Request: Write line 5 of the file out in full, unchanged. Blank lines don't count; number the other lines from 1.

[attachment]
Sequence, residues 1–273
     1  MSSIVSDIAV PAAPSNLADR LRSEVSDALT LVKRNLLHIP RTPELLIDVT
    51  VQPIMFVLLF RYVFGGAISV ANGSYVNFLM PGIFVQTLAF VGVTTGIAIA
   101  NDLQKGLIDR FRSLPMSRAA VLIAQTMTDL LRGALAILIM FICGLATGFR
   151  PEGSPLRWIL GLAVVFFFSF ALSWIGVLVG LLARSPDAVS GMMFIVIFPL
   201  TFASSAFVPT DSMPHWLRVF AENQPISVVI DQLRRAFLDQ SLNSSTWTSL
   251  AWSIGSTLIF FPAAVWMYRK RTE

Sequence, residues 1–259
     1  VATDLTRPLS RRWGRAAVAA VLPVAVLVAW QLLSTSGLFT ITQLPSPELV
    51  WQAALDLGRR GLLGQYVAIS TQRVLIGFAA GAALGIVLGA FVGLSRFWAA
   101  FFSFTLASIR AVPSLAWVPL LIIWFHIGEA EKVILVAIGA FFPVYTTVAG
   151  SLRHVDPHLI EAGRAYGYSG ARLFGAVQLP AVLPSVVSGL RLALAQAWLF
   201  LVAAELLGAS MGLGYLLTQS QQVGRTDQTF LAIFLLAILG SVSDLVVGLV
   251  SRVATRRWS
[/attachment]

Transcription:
   151  PEGSPLRWIL GLAVVFFFSF ALSWIGVLVG LLARSPDAVS GMMFIVIFPL